A report from John Cumbelich & Associates showed that the North Bay had the highest occupancy level of the Bay Area's main markets' regional shopping centers at 95.5% in Q4 2020.
“Like many other major cities, an influx of residents moved from the Bay Area during the pandemic, and Silicon Valley companies responded quickly by committing to long-term remote and hybrid work models,” Berger said in a statement. “Based on the local demand and availability of prime, centralized retail space, we knew Napa was the ideal location to launch our new concept. This shift will infuse new life to suburban and rural areas, bringing a multitude of benefits to companies and employees alike.”
The placement of Spaces Napa nestled within a retail district in the downtown core of a small city is intended to capture what Berger called the desire for a “15-minute city,” a term coined by Pantheon Sorbonne University Chair of Innovation Carlos Moreno, according to a blog from The 15-Minute City Project. The idea is that people desire to be within a 15-minute walk or bike ride from everything they need within an area that functions as a community hub.
“It's at this really interesting intersection in which people and workers are looking to work closer to home, work in an environment that is very immersive, very productive, very design-rich and also be able to access a location that's very simple and easily accessible,” Berger said.
IWG is not a newcomer to the coworking business, having launched over 30 years ago originally under the Regus brand before changing its holding company name to IWG in 2016. However, Spaces Napa is the first iteration of the new Spaces brand that is a “retail-focused model set in mixed-use locations in suburban and rural markets.” The company plans several other Spaces locations in 2021, such as in Barcelona, Amsterdam and London. IWG’s other brand Regus has coworking locations in the North Bay cities of Petaluma and Novato.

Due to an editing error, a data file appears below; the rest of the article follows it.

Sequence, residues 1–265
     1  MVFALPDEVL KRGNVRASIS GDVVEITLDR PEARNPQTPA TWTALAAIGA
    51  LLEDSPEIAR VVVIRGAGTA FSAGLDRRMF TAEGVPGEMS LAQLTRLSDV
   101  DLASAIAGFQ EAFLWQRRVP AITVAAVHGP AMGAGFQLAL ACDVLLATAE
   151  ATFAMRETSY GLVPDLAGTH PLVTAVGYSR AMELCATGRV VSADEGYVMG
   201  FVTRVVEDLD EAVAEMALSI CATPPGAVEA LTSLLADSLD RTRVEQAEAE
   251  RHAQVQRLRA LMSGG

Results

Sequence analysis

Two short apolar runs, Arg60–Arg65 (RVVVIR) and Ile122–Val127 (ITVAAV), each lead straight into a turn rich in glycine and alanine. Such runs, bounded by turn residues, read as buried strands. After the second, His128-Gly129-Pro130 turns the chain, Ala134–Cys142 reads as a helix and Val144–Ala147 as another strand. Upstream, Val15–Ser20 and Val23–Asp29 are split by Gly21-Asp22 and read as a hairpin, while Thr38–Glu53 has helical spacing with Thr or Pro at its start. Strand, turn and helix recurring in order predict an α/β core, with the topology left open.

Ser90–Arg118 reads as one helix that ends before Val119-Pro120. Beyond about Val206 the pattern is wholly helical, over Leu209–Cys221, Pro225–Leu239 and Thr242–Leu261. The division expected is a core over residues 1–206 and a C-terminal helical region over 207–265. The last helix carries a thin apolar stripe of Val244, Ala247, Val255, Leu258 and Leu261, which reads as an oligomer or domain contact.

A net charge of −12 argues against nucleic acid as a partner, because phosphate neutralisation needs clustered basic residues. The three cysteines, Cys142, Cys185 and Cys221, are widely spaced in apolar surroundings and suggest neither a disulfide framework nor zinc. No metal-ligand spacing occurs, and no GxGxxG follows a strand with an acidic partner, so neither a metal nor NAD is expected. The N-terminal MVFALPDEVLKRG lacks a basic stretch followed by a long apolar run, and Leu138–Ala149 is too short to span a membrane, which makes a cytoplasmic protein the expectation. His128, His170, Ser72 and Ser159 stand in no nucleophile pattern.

Spaces Napa isn’t the only new coworking space launched in outlying areas. Office Evolution opened a new space in Concord in February to join its other Northern California locations in Folsom, Mill Valley, Walnut Creek and Los Gatos.
The Concord center at 2075 Diamond Blvd. features 41 private offices, three meeting rooms and amenities like mailboxes for rent, touchless entryways and a call answering service. It is also similarly located in a shopping district near multiple grocery stores, restaurants and other retail.
“The pandemic is accelerating the need for flexible working — it has shown us that people can work remotely and productively when away from a traditional office. Businesses in the Bay Area like Google, Facebook, and Twitter are adopting policies that give workers more freedom to choose how and where they work, and many companies will continue to follow their lead,” Office Evolution co-owner Rhett Bratt said in a statement. The statement also cited a survey of Fortune 500 CEOs showing that 25% are seeking permanent remote working solutions.